Background: Type 1 Diabetes (T1D) is a pathological condition characterized by the loss of insulin-producing β-cells of the pancreatic islets of Langerhans, resulting in a deficiency in insulin production and secretion. The advantages of non-genetic animal models of diabetes compared with the genetically determined ones are caused by their better translatability of the drug candidate testing results to the treatment of this polygenic disease in humans. T1D can be modeled by treating experimental animals (rats or mice) with Streptozotocin (STZ), a compound that has preferential toxicity toward pancreatic β-cells. Selective partial destruction of β-cells leads to reduction in insulin production, decreased levels of circulating insulin, elevated blood glucose levels and, eventually, development of various diabetes-associated pathologies, such as diabetic nephropathy, cardiomyopathy, diabetic ulcers, etc. STZ-induced experimental model of T1D can be used for efficacy studies of anti-diabetic drugs, including agents acting on insulin-independent pathways and providing end organ protection from diabetes.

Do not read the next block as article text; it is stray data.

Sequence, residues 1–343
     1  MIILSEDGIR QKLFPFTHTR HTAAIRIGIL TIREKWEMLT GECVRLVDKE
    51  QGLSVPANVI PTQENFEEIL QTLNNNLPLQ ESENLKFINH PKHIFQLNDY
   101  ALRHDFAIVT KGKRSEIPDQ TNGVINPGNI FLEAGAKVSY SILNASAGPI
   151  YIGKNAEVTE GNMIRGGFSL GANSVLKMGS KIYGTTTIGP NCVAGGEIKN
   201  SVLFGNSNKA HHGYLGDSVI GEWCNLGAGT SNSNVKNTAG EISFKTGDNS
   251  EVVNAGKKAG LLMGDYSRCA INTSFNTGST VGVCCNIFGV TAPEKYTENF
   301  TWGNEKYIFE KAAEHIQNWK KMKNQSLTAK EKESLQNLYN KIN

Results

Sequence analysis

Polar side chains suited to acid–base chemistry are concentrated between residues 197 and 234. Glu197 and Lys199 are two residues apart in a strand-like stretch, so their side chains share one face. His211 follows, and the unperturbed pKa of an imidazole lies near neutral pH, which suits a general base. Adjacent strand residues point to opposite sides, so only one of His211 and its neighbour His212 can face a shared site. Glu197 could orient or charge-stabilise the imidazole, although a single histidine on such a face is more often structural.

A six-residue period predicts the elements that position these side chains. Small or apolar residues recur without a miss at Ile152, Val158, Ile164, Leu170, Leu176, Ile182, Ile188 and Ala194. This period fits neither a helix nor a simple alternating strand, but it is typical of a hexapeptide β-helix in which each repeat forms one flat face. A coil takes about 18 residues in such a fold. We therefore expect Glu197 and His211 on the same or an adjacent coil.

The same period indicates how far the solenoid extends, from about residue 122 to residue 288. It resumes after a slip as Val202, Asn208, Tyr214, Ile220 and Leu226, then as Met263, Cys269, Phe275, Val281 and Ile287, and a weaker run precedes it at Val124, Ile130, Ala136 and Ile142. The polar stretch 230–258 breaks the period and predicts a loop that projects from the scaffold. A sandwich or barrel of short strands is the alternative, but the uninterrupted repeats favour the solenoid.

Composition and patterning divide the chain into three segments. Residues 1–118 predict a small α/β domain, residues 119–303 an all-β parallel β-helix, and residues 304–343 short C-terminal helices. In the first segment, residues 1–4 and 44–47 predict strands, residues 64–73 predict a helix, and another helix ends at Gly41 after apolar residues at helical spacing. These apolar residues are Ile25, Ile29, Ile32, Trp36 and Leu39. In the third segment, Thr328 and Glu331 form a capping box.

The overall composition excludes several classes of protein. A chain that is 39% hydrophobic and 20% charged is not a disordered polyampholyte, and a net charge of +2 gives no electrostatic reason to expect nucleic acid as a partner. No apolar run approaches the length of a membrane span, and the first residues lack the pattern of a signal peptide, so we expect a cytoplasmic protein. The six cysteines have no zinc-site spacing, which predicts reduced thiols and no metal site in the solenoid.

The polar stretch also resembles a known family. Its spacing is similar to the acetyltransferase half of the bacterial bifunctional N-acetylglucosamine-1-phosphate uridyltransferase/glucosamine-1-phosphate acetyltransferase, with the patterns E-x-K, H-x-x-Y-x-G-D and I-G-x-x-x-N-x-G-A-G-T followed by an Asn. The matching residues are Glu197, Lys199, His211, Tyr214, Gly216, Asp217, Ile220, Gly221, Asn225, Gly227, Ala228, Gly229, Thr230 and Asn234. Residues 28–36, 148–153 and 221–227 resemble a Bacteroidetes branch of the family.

Service details: Depending on the goals of a particular study, a single high dose (~150 mg/kg) or consecutive multiple low doses (40-50 mg/kg/day for 5 days) of STZ are injected in C57BL mice or Wistar rats to induce the disease state. Induction of diabetes is monitored by routine tests – blood levels of glucose and glycosylated hemoglobin (HbA1c). Markers of diabetes’ side effects can be monitored upon request. To develop a standard STZ model of diabetes to test a drug candidate, we suggest using 8-10 animals per each planned experimental group, 5-7 days of STZ treatment, and 4 weeks of post-STZ treatment monitoring body weight, food/water intake, blood glucose and glycosylated hemoglobin levels to confirm that the mice are diabetic. If the study goal is to test an accompanying pathology, the time allowed for disease development may be increased up to 6-8 months.
Deliverable: Report including description of the study design, methodology, raw experimental data, graphs and interpretation.
Sample submission: Dry compound or compound in pre-made dosing formulation (amount required depends on the dosing levels and schedules). For example, for treating a group of 8 mice at 10 mg/kg, twice daily (b.i.d.) for 1 week, about 16 mg of the test compound is needed.